James Hanson is ready to exorcise the Wembley demons when City step back on the most famous pitch in England.

A return to the national stadium for the second time in the space of three months is beyond the wildest dreams of many.

Hanson, the local lad made good, knows more than anyone in the City dressing room how much it will mean to the thousands who will again follow them south.

And this time, he wants to make sure their team do the occasion justice. That they live up to the hype of playing on the grand stage.

Reaching the Capital One Cup final will forever live in the memory but there is also the nagging disappointment that City did not really turn up on the day.

Swansea swept them away without trace – and the 5-0 final score is one that Hanson is desperate to settle.

So the opportunity to right that wrong against Northampton on May 18 must not be wasted.

Hanson said: “I think we owe it to the fans. They all paid a lot of money last time and we didn’t really give them a lot to cheer about.

“It was unbelievable for us to play in an atmosphere like that but at the same time it wasn’t as enjoyable as it should have been because we didn’t get much of the ball.

“Hopefully this time we can have a good go and go full throttle at winning promotion.

“It would be nice to go back to Wembley now and hopefully get a couple of goals and have a celebration like the Burton one at the end of the game.

“It’s been a long ten months but we’ll give it our all for one big push. This is what we’ve been working for from the moment we were running down the track in pre-season.

“Promotion is what it’s all about and it’s just one game now.”

City have turned overcoming the odds into an art form during this record-breaking campaign. Whenever this team get written off, they come bouncing back for more.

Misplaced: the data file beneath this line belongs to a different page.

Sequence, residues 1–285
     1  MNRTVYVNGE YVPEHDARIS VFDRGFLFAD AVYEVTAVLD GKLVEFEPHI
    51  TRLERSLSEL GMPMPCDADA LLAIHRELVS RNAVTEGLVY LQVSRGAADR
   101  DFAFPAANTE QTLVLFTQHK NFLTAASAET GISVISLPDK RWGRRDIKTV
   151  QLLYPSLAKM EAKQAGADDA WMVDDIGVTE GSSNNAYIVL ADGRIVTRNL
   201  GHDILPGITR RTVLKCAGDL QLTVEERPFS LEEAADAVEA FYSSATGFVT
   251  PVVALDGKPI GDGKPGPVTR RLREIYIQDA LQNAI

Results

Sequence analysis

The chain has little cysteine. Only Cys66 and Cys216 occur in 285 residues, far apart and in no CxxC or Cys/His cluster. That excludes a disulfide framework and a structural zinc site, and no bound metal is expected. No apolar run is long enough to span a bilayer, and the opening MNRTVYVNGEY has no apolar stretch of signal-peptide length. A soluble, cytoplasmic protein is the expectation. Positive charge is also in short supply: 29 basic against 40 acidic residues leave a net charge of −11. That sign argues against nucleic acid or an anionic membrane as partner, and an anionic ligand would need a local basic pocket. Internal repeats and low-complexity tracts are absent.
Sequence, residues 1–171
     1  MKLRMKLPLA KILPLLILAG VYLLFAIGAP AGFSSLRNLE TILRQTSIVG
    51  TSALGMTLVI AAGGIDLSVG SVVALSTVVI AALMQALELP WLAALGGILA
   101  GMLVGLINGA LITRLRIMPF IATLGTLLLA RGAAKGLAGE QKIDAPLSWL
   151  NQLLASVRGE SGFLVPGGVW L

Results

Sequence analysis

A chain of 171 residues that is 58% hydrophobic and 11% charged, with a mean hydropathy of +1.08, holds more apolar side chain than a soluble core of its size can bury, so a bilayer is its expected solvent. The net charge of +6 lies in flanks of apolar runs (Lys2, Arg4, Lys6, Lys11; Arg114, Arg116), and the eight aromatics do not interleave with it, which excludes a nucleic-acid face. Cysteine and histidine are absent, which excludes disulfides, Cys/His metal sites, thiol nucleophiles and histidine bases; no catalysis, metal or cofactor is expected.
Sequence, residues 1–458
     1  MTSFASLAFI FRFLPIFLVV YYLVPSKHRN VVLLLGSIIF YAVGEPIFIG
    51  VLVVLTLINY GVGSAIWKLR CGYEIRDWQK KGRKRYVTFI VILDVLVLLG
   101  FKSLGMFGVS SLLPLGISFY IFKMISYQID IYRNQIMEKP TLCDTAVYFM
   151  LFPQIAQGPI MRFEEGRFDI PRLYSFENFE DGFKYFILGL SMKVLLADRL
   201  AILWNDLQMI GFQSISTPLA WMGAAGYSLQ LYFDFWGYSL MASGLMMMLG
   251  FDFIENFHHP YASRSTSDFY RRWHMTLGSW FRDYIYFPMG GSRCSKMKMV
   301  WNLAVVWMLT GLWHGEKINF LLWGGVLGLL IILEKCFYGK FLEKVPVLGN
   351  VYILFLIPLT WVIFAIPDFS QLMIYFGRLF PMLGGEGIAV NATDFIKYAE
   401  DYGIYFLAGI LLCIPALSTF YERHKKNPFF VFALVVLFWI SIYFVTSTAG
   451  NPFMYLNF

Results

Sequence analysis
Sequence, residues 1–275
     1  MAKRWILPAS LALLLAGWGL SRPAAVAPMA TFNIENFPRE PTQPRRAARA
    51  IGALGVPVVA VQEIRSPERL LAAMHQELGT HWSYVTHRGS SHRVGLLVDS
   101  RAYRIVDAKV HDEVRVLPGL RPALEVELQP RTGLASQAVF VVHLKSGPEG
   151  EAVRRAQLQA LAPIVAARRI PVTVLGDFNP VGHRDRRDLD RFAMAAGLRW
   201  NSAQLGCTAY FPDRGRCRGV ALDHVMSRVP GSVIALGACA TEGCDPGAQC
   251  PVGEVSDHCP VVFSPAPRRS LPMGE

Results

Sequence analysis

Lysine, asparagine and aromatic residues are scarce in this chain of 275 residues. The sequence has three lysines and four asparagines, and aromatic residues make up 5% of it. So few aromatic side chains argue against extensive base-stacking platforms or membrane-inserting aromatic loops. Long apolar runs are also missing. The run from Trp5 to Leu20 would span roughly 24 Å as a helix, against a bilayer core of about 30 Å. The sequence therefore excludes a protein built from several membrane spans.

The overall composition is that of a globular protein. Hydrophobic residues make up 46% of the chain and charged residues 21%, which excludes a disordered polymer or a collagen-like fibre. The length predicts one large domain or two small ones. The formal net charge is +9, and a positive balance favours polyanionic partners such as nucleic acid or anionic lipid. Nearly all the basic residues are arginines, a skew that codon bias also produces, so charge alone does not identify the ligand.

So maybe nobody should be too surprised that they overturned a first-leg deficit to beat Burton in the semi-finals – achieving it by winning comfortably at a ground that has become the biggest fortress in the entire Football League.

Hanson was certainly confident that it would all come right in the end.

“I had faith in the lads from the start,” he said. “I really thought we could go there and cause problems.

“We didn’t really do ourselves justice in the first leg and play how we did in the cup games but we showed the fans on Sunday how well we can do. If we can repeat that now in the final, then hopefully it will be enough.”

Hanson’s rocket second – with his supposedly weaker right foot – was the pick of City’s goals and a nice way to bring up 50 for his career. He could and should have had a 51st before the end but scooped a great chance over the bar.

But Hanson and two-goal Nahki Wells were the difference – and credit should also be given to Phil Parkinson’s pre-match tactical tinkering.

Burton had throttled City’s attack at Valley Parade by sitting centre half Zander Diamond just in front of the back four. It meant Hanson was occupied for much of the night tracking back to mark him; a deep-lying midfielder rather than a centre forward.

Parkinson correctly predicted that opposite number Gary Rowett would employ the same tactics in the return leg.

So he countered that by telling Hanson to stay further forward. Give Diamond time on the ball and let him worry about you lurking deeper behind him instead.

It made a massive difference. Diamond was effectively nullified all afternoon not knowing whether to stick or twist and City had the room to run rampant.

Hanson added: “Once the gaffer told me to stay up the pitch, Diamond was playing in front of me.

“It gave him a different problem because Nahki and I were getting more joy in behind (the defence). I thought it worked a treat.

“It’s an unbelievable feeling to be going back to Wembley. And this time we’re going there to win.”